Today I'm smoke up the chimney over ashes of trust
and I don't see a Phoenix egg down there, do you?
A broken vase of red carnations like meat on the floor,
a future of slivers and shards and splintered bone.
Everything my father ever feared, all that my mother
knew but could not say: Pulvis et umbra sumus,
use and meaning the same, no use to know good,
some tide pulling love away, exposing the few words
meant to hold together several generations to see
further, where only experience discerns what time
has been up to, or at least comes to believe it can,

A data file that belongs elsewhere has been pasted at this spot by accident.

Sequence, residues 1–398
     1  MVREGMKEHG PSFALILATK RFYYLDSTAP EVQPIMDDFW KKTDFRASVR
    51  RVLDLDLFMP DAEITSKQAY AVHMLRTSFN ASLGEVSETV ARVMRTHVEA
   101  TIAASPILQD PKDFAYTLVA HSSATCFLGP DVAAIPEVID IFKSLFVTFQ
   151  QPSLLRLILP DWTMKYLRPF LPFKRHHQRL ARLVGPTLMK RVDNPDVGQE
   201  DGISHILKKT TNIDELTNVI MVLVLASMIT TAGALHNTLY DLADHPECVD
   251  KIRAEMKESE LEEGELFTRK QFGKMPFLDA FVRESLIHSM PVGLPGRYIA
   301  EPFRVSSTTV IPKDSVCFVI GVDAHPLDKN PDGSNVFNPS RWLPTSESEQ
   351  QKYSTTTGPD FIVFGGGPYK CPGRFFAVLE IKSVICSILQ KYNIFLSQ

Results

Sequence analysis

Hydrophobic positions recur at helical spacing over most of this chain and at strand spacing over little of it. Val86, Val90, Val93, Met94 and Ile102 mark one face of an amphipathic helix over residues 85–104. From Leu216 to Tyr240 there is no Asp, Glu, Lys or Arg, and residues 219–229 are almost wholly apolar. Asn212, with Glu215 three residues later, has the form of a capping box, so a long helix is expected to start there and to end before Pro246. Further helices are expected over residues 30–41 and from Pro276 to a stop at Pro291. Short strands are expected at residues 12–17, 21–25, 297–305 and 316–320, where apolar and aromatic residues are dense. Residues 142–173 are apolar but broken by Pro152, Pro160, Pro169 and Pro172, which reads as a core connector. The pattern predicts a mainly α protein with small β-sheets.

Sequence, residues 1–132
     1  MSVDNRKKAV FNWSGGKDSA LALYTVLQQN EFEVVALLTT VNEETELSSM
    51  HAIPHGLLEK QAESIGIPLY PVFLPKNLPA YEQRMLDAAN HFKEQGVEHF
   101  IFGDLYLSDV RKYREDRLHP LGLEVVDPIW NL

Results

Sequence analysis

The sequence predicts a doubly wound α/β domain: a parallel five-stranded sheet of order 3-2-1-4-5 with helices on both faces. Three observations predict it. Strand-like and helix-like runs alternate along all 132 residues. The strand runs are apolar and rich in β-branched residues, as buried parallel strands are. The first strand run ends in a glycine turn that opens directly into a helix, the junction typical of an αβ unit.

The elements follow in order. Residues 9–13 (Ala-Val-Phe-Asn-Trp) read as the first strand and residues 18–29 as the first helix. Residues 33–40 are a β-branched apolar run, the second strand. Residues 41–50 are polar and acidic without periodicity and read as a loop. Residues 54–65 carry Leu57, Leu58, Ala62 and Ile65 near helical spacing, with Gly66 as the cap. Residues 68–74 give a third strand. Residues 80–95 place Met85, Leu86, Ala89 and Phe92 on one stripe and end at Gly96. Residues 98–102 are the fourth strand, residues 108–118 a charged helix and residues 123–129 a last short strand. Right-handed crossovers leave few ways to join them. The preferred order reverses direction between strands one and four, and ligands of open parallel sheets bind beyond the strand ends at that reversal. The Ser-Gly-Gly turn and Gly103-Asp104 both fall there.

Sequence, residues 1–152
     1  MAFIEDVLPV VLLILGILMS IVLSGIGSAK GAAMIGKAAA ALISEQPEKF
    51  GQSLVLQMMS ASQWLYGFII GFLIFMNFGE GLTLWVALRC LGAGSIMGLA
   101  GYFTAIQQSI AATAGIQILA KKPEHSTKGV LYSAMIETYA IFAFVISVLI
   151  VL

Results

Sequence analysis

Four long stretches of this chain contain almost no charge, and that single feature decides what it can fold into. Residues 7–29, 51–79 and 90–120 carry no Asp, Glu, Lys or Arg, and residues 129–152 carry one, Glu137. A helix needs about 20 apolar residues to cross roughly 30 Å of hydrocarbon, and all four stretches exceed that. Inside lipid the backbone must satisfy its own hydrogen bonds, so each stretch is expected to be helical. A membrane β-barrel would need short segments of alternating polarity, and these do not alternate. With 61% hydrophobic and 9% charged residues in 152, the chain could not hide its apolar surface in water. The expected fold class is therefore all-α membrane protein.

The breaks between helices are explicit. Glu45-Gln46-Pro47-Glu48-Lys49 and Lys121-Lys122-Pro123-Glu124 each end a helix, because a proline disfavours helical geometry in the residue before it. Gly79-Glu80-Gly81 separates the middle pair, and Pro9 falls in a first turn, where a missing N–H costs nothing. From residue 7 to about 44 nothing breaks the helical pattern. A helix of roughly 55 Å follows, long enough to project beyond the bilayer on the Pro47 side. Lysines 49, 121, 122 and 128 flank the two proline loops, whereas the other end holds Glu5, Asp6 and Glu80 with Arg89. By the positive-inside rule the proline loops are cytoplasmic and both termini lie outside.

is all rubble for hungry scavengers, scrap to be sold.
I am, as always, a little bit out of it, but come on,
honestly, wasn't the light there sometimes beautiful?
Caravaggio's torchlight trembling on dark armor,
as Christ is taken post-betrayal? The other martyrs
to impossible belief might be said to have known
something, no? Tell me they did, that it isn't all
a kind of gyascutus, one leg shorter than the other,
grazing the steep green hillside of our needy credulity,
propped up by this or that one's mercantile words,
dark portrait of a forbear who appears to emerge
from the somber past, frowning and cautioning,
but is really only covered in accumulated grime.